CH02_2_ - Overview Atoms & Molecules Organization of...

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Unformatted text preview: Overview Atoms & Molecules Organization of Life of Life Elements of Life Atoms & Subatomic Particles Particles Periodic Table Overview Atoms & Molecules Chemical Bonds Bonds Non-Polar Covalent Non Polar Covalent Ionic Hydrogen Bio 230, Summer 2010, Ch2, Page 1 Fig. 2-1: 2Hierarchy of Life (Animal) Fig. 1-1: Hierarchy of Life (Plant) 1Chloroplast Chlorophyll Epidermis Leaf Leaf X-section Bio 230, Summer 2010, Ch2, Page 2 Matter Has mass (weight) and takes up space up space Composed of 92 natural elements Q&A What is an element? A substance that cannot be substance that cannot be broken broken down into simpler substances in a chemical reaction. Q: What are some examples of elements? Bio 230, Summer 2010, Ch2, Page 3 Fig. 2-10: Periodic 2Chart of First 18 Elements Elements Table 2-1: The Most Abundant Elements in Life 2Atomic Weight % 96% 4% Bio 230, Summer 2010, Ch2, Page 4 Trace Elements Less than 0.001% Boron (B) (B) Chromium (Cr) Cobalt (Co) Copper (Cu) Fluorine (F) Iodine Iron (Fe) Manganese (Mn) (Mn) Molybdenum (Mb) Selenium (Se) Silicon (Si) (Si) Tin (Sn) Vanadium (V) Zinc (Z) Fig. 2-10: Periodic Table 2- FOURTH SHELL 96% Potassium 19K Calcium 20Ca 4% Bio 230, Summer 2010, Ch2, Page 5 Matter When elements combine through chemical bonds they through chemical bonds they form form chemical compounds Chemical compounds have fi fixed ratios of elements Examples: H2O, CO2, CH4, NH3 Atoms Each element corresponds to a type of atom One atom is the smallest amount of an element still retaining the element’s retaining the element’s properties properties Bio 230, Summer 2010, Ch2, Page 6 Atoms Atoms are composed of subsubatomic particles Neutrons (nucleus) Protons (nucleus) Electrons (shells) (shells) - ++ - Helium = He Atoms Helium = 4He 2 - Atomic Number: Atomic Weight: ++ ++ ++ Bio 230, Summer 2010, Ch2, Page 7 - Atomic Arithmetic Atomic Number Equals number of protons Equals number of protons Determines type of element Atomic Weight (Mass) Equals number of protons + Equals number of protons neutrons neutrons Number of neutrons determines isotope Atomic Arithmetic Examples: Hydrogen = 11H; (0 neutrons) Helium = 24He; (2 neutrons) (2 neutrons) Carbon = 612C; (6 neutrons) Bio 230, Summer 2010, Ch2, Page 8 Atomic Humor Two atoms bump into each other. other. One says “I think I lost an electron!” The other asks, “Are you sure?”, to which the first replies: first replies: “I'm positive.” Atomic Atomic Humor A neutron walks into a bar; he he asks the bartender, “How much for a beer?” The bartender looks at him, and says “For you says “For you, … No charge.” Bio 230, Summer 2010, Ch2, Page 9 Fig. 2-10: Periodic 2Chart of First 18 Elements Elements Lessons From The Periodic Table In an uncharged atom, the number of p’s = the number of e’s Each element has a unique number of p’s in its atomic num nucleus Bio 230, Summer 2010, Ch2, Page 10 Lessons From The Periodic Table With increasing numbers of p’s and e’s, the e’s fill shells: 1st shell - 2 e’s 2nd shell - 8 e’s 3rd shell - 8 e’s (10 more e’s in row 4) Lessons From The Periodic Table A row in the periodic table contains a series of elements for one shell of electrons Elements in a row have diff different chemical properties Bio 230, Summer 2010, Ch2, Page 11 Fig. 2-10: Periodic 2Chart of First 18 Elements Elements Lessons From The Periodic Table A column in the periodic table contains elements with the same number of outer shell electrons Elements in a column have El similar chemical properties Bio 230, Summer 2010, Ch2, Page 12 Fig. 2-10: Periodic 2Chart of First 18 Elements Elements Lessons From The Periodic Table The major elements of life need different numbers of e’s to fill their outer shells H: 1, O: 2, N: 3, C: 4 The number of e’s in the outer Th shell determines the types of compounds an atom can form Bio 230, Summer 2010, Ch2, Page 13 Isotopes Isotopes have same atomic number, but different atomic weights weights Isotopes differ in number of neutrons Isotopes of an element behave the same in chemical reactions Isotopes In nature, most elements are a mixture of isotopes Example: on Earth, carbon is mixture of 612C, 613C, and 614C Some isotopes are radioactive; Some isotopes are radioactive; i.e. i.e., they decay spontaneously 614C 714N + ß - (electron) Bio 230, Summer 2010, Ch2, Page 14 Hydrogen Isotopes - + 3 1H Tritium 1 1H 2 1H + - + - Deuterium Isotopes in Research Scintillation Counting Figs. 2-6 & 2-7 22PET Scan Autoradiography Bio 230, Summer 2010, Ch2, Page 15 Q&A What is a chemical compound? A chemical compound forms chemical compound forms when when two or more elements combine through chemical bonds. Q: What are some examples of chemical compounds? Fig. 2-2: Chemical Compound 2- Na Cl NaCl Bio 230, Summer 2010, Ch2, Page 16 Q&A What is the smallest amount of a chemical compound called? called? A molecule: Two or more atoms connected by chemical bonds Fig. 2-12a: Non-Polar Covalent Bonds 2NonSingle Bond H—H H H Shell Diagram Hydrogen Molecule Structural Formula H2 Molecular Formula Bio 230, Summer 2010, Ch2, Page 17 Fig. 2-12b: Non-Polar Covalent Bonds 2NonOxygen Molecule Molecule Shell Diagram Double Bond O O=O O Structural Formula Formula O2 Molecular Formula Fig. 2-12c: Polar Covalent Bonds 2Shell Diagram O Water H O—H H H H2O Structural Formula Molecular Formula Bio 230, Summer 2010, Ch2, Page 18 Fig. 2-17b: Other Models 2- Space-Filling Model Ball-and-Stick Model O H Water (H2O) Fig. 2-18: Synapse 2- Bio 230, Summer 2010, Ch2, Page 19 H Fig. 2-19: Opiates 2- Enkephalin Fig. 2-12d: Non-Polar Covalent Bonds 2NonShell Diagram Methane H H H C H H— C—H H H CH4 Structural Formula Molecular Formula Bio 230, Summer 2010, Ch2, Page 20 Fig. 2-17c: Other Models 2Space-filling Ball-and stick Fig. 2-13: Water is Polar 2- Bio 230, Summer 2010, Ch2, Page 21 The Four Most Electronegative Elements 12n, 11p+, 11e– 11p 11e 11 23Na 18n, 17p+, 17e– 17p 17e Fig. 2-14: Ionic Bond 2- 17 Bio 230, Summer 2010, Ch2, Page 22 35Cl 11 23Na 17 + - 12n, 11p+, 10e– 35Cl 18n, 17p+, 18e– Sodium Chloride (NaCl) Fig. 3-7: 3Dissolution of Ionic of Ionic Compound Compound into Water Bio 230, Summer 2010, Ch2, Page 23 - - + + + + + + + Fig. 2-16: 2Hydrogen Bond + - + + + Bio 230, Summer 2010, Ch2, Page 24 Chemical Bonds A single chemical bond (-) (results results from atoms sharing a pair of outer-shell electrons outer Sharing allows atoms to complete outer shell Chemical Bonds Types of chemical bonds: Covalent non-polar: equal nonsharing Covalent polar: one atom has electron more often than other th atom Bio 230, Summer 2010, Ch2, Page 25 Chemical Bonds Types of chemical bonds: Ionic: one atom completely gives up electron(s), another takes it/them completely Hydrogen: weak interaction en: between + on H and - on nearby electronegative atom (N or O) NonNon-Polar Covalent Bonds Elemental molecules: H2, O2, N2 Chemical compounds: CH4 C-H bonds in most organic molecules C-C bonds in most organic bonds in most organic molecules molecules H3-C-CH2OH (ethyl alcohol) Bio 230, Summer 2010, Ch2, Page 26 Ionic Bonds Some ions are composed of several atoms NH4+ (ammonium) (ammonium) NO3- (nitrate) SO42- (sulfate) PO43- (phosphate) In solution, ions can dissociate from each other Ionic Bonds In a crystal, anions and cations are attracted to each other are attracted to each other, forming an ionic bond In solids ionic bonds are strong In solution, ions can dissociate In solution, ions can dissociate from from each other, yet are still attracted to each other In solution ionic bonds are weak Bio 230, Summer 2010, Ch2, Page 27 Q&A Why do elements combine in a fi fixed ratio to form a chemical compound? compound? Q&A Elements combine in a fixed ratio because they use chemical rati th bonds, bonds, and chemical bonds share electrons to fill their valence shells Each element valence shells. Each element requires requires a fixed number of electrons to fill its valence shell. Bio 230, Summer 2010, Ch2, Page 28 ...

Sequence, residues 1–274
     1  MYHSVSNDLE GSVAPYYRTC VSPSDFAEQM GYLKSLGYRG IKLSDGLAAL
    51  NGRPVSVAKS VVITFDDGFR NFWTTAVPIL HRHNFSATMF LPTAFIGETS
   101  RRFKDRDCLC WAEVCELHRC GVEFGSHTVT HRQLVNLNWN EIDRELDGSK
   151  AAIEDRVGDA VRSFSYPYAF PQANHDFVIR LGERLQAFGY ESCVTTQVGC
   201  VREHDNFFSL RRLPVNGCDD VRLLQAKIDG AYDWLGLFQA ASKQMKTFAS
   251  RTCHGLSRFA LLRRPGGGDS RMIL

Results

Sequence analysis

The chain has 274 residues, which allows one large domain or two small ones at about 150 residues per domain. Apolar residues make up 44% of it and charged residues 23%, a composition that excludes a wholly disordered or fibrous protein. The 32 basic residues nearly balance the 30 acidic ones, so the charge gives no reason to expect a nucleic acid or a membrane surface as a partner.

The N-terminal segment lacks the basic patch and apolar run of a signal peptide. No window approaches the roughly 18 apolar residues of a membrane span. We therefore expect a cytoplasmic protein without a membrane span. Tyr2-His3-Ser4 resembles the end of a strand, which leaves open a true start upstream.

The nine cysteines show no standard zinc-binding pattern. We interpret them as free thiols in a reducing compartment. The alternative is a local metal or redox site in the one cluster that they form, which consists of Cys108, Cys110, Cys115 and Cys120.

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This note was uploaded on 11/28/2011 for the course BIOL 230 taught by Professor J.breckler during the Spring '11 term at S.F. State.